Over the past years, the healthcare sector has improved its digitization and electronic health records (EHRs). As information technology advances, the concept of intelligent health gathers popularity. By integrating technologies such as the internet of things (IoT) and artificial intelligence (AI), innovative healthcare modifies and strengthens traditional medical systems in terms of service, efficiency, and personalization.
Artificial intelligence simplifies the lives of doctors, hospital administrators, and even patients by performing tasks that are typically done by humans, but faster and cheaper. It helps health practitioners to improve operational efficiencies, streamline tasks, and simplify complex procedures.
Tech companies, such as Microsoft, are investing more funding into AI healthcare innovations. In a bid to address healthcare challenges, Microsoft announced a five-year $40 million program in 2020. In 2021, AI sector funding increased by over 100%, with healthcare accounting for about one-fifth of overall funding.
Although artificial intelligence is undoubtedly changing the healthcare industry, it is still a relatively new technology. As AI usage spreads across the healthcare industry, issues regarding the technology’s benefits and limitations become increasingly pressing.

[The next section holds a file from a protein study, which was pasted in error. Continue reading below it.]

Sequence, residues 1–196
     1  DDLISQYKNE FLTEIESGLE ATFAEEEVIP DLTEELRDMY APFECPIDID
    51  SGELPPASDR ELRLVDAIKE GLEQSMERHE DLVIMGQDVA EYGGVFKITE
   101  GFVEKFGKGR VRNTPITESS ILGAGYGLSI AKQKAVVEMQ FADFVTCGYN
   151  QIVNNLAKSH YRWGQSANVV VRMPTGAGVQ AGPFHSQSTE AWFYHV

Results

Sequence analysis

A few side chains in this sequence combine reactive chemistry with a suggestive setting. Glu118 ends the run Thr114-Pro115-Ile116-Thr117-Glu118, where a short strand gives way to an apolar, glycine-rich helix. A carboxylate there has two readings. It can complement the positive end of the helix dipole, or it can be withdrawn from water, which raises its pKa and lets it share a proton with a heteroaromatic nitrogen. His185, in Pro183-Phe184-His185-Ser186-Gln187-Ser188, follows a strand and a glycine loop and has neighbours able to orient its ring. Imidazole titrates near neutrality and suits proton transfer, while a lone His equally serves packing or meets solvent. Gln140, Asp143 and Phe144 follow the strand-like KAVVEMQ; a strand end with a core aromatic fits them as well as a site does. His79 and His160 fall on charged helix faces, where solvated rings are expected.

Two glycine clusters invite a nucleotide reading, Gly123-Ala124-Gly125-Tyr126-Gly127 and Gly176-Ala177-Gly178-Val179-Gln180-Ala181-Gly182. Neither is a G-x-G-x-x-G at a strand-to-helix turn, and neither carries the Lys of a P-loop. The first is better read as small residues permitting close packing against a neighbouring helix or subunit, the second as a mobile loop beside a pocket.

Artificial intelligence can identify symptoms and make diagnoses; it can assist in surgery, predict when an epidemic will break out, and undertake hospital administrative work such as making appointments and registering patients. AI holds significant promise to transform and improve patient care and safety in the Emergency Room or ICU. Artificial intelligence has an inexhaustible list of benefits in healthcare, a few of which are mentioned below:
An essential component of diagnosing and addressing medical issues is the timely acquisition of accurate information. With artificial intelligence, healthcare professionals can leverage immediate and precise data to quicken and optimize vital clinical decision-making. AI generates more rapid and realistic results, ultimately leading to improved preventative steps, cost savings, and reduced patient waiting time.
A real-time update can help improve physician-patient connections. Patients can be more engaged in their treatments if vital health information is made available via mobile devices. Healthcare providers can be alerted of urgent changes in patient status through mobile alerts.
Artificial intelligence has already changed healthcare practices significantly. It has taken up several functions, including appointment scheduling, tracking patient histories, translating clinical details, and care recommendations. Now, the technology is enabling healthcare facilities to streamline more tedious and meticulous tasks. Intelligent radiology technology, for instance, can identify important visual markers, speeding up the process of intense investigation.
As AI replaces tedious human tasks with advanced algorithms and more vital processes are automated, healthcare professionals have more time to assess patients and diagnose illnesses and ailments.